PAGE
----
The best way to conclude an essay about Othello or about any topic is to recap what you said throughout the essay itself and emphasize the point that you want your readers to take away from reading...

Latest answer posted July 12, 2020, 12:08 pm (UTC)

4 educator answers

Othello

Iago uses whatever is within people to manipulate them. What is in Roderigo is lust and a desire to have Desdemona at all costs. Iago works him by convincing him that his money (along with Iago's...

Latest answer posted January 21, 2008, 2:53 pm (UTC)

2 educator answers

Othello

A good thesis statement for jealousy in Othello could revolve around examining the close link between jealousy and insecurity, in particular how jealousy homes in and exploits people's innermost...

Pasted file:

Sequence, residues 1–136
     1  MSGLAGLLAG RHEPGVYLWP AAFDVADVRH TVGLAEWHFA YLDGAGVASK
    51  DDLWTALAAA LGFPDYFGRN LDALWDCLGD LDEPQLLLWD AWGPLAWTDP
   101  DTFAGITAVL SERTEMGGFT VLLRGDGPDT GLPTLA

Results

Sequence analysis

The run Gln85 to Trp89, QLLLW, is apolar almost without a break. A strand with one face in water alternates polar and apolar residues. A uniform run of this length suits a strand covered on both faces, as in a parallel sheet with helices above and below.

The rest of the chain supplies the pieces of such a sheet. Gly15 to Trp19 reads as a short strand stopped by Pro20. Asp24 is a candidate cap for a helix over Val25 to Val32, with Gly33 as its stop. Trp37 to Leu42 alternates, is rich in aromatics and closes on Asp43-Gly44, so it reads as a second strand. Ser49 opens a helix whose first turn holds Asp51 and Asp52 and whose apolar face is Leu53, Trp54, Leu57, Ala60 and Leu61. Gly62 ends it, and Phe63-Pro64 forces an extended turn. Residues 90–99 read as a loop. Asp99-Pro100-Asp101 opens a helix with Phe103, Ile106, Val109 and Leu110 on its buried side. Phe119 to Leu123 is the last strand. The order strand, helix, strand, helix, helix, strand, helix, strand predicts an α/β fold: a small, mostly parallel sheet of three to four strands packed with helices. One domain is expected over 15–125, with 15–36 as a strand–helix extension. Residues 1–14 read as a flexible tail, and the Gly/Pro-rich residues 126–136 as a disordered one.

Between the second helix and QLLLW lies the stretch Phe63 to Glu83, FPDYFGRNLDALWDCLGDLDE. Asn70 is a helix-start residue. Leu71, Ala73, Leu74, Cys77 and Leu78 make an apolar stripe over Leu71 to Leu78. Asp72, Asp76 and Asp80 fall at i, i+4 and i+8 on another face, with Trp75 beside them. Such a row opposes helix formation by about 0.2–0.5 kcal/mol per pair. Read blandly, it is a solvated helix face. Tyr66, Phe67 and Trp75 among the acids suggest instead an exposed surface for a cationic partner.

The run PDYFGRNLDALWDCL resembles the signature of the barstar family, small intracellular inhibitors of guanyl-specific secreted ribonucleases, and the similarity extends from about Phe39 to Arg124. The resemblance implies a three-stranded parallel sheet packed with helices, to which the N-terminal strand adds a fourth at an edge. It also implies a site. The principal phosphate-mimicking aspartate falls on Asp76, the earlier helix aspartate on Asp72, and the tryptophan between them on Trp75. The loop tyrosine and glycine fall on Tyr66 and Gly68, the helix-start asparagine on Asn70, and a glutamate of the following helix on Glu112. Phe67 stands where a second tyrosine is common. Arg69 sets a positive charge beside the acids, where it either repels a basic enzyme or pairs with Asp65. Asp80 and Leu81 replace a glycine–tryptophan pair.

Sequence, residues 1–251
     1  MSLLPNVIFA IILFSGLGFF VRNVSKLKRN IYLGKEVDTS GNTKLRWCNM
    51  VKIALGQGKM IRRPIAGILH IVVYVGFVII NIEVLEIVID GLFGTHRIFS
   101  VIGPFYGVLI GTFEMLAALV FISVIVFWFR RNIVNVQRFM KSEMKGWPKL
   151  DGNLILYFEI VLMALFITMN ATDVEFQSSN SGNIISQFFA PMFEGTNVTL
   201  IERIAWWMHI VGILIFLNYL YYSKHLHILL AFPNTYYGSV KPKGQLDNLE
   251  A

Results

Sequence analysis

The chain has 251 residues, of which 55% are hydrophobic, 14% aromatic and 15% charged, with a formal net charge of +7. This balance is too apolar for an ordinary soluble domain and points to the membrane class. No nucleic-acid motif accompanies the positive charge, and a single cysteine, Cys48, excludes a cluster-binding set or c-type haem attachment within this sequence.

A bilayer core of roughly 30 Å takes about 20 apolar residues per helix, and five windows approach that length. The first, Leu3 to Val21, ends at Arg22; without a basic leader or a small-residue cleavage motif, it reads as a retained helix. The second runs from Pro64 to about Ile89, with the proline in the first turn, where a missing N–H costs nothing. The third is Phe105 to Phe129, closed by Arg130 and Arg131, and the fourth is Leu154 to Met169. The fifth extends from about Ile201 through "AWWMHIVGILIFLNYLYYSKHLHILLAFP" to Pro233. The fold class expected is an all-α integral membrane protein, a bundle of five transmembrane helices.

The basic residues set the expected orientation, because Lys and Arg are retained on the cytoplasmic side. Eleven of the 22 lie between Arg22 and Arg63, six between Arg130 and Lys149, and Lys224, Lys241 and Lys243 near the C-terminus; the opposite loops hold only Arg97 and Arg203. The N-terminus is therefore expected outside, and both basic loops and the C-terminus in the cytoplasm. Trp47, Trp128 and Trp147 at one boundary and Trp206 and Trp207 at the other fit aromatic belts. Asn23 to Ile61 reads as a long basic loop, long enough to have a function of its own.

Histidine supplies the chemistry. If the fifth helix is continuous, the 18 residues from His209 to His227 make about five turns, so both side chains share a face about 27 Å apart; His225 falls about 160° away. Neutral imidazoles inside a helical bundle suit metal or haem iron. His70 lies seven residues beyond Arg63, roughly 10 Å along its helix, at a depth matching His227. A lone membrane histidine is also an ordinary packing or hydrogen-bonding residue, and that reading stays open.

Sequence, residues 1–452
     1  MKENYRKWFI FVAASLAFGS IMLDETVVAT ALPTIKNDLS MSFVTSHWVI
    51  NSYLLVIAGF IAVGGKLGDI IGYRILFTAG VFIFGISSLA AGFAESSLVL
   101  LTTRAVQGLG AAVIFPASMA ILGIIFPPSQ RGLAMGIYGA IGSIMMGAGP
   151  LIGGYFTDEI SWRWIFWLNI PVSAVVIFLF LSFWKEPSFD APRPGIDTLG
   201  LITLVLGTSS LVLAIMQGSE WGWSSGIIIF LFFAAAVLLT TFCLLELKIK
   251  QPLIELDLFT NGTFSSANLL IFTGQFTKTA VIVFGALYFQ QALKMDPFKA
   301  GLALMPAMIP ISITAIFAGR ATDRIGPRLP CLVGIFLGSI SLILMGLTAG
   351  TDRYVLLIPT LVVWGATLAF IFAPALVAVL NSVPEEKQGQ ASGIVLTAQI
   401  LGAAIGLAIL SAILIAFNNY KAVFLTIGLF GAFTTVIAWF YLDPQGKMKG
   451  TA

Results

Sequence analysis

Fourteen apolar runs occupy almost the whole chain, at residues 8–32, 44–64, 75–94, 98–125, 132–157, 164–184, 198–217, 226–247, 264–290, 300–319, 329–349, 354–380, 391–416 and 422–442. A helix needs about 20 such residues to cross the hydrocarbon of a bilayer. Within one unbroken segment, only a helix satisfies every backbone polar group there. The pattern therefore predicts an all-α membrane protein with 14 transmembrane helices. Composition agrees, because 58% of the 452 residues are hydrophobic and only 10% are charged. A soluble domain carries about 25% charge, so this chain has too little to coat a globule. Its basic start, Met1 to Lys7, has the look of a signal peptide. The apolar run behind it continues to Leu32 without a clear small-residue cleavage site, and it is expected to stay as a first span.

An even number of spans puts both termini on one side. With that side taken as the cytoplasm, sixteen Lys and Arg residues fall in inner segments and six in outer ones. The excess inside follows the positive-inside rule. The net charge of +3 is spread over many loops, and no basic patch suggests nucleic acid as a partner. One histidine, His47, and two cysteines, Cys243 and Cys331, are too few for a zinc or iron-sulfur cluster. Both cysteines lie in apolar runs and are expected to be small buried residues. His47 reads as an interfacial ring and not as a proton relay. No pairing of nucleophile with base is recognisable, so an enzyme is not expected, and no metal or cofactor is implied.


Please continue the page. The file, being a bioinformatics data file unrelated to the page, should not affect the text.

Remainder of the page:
Latest answer posted March 26, 2020, 8:36 am (UTC)

4 educator answers

Othello

The quote is taken from Act 2, scene 3. Iago is referring to Desdemona, Othello's wife, in this instance. He is saying that he plans to besmirch her good name and destroy the virtue that she holds....

Latest answer posted March 12, 2016, 11:41 am (UTC)

1 educator answer

Othello

At the beginning of the first scene in Shakespeare's Othello, Iago is complaining bitterly to Roderigo that Othello has chosen someone other than Iago to be his lieutenant, his second-in-command....

Latest answer posted December 14, 2019, 1:19 am (UTC)

5 educator answers

Othello

In act 4, scene 3, Emilia delivers an impassioned monologue about the expectations and perceptions of women prevalent in Jacobean England. She lambasts men for being hypocritical, and she tacitly...

Latest answer posted February 2, 2020, 5:01 pm (UTC)

3 educator answers

Othello